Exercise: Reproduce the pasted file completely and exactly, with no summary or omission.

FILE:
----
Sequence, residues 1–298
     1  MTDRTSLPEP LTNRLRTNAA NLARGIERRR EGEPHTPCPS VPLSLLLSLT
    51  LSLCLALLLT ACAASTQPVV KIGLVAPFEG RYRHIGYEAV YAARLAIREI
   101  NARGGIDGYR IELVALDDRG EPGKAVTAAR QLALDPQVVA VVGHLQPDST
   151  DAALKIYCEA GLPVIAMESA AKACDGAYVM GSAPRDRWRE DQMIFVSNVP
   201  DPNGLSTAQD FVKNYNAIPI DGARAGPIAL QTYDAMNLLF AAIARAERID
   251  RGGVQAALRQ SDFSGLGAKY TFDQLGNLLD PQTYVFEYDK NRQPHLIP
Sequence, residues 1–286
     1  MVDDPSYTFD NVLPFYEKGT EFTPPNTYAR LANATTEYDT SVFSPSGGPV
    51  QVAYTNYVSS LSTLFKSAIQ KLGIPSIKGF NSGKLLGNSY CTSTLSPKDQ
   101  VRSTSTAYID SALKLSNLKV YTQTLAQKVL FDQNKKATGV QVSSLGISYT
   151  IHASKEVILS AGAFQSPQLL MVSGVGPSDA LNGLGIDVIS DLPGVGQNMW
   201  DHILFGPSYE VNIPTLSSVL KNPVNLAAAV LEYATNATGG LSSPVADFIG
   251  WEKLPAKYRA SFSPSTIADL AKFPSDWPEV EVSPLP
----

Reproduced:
Sequence, residues 1–298
     1  MTDRTSLPEP LTNRLRTNAA NLARGIERRR EGEPHTPCPS VPLSLLLSLT
    51  LSLCLALLLT ACAASTQPVV KIGLVAPFEG RYRHIGYEAV YAARLAIREI
   101  NARGGIDGYR IELVALDDRG EPGKAVTAAR QLALDPQVVA VVGHLQPDST
   151  DAALKIYCEA GLPVIAMESA AKACDGAYVM GSAPRDRWRE DQMIFVSNVP
   201  DPNGLSTAQD FVKNYNAIPI DGARAGPIAL QTYDAMNLLF AAIARAERID
   251  RGGVQAALRQ SDFSGLGAKY TFDQLGNLLD PQTYVFEYDK NRQPHLIP
Sequence, residues 1–286
     1  MVDDPSYTFD NVLPFYEKGT EFTPPNTYAR LANATTEYDT SVFSPSGGPV
    51  QVAYTNYVSS LSTLFKSAIQ KLGIPSIKGF NSGKLLGNSY CTSTLSPKDQ
   101  VRSTSTAYID SALKLSNLKV YTQTLAQKVL FDQNKKATGV QVSSLGISYT
   151  IHASKEVILS AGAFQSPQLL MVSGVGPSDA LNGLGIDVIS DLPGVGQNMW
   201  DHILFGPSYE VNIPTLSSVL KNPVNLAAAV LEYATNATGG LSSPVADFIG
   251  WEKLPAKYRA SFSPSTIADL AKFPSDWPEV EVSPLP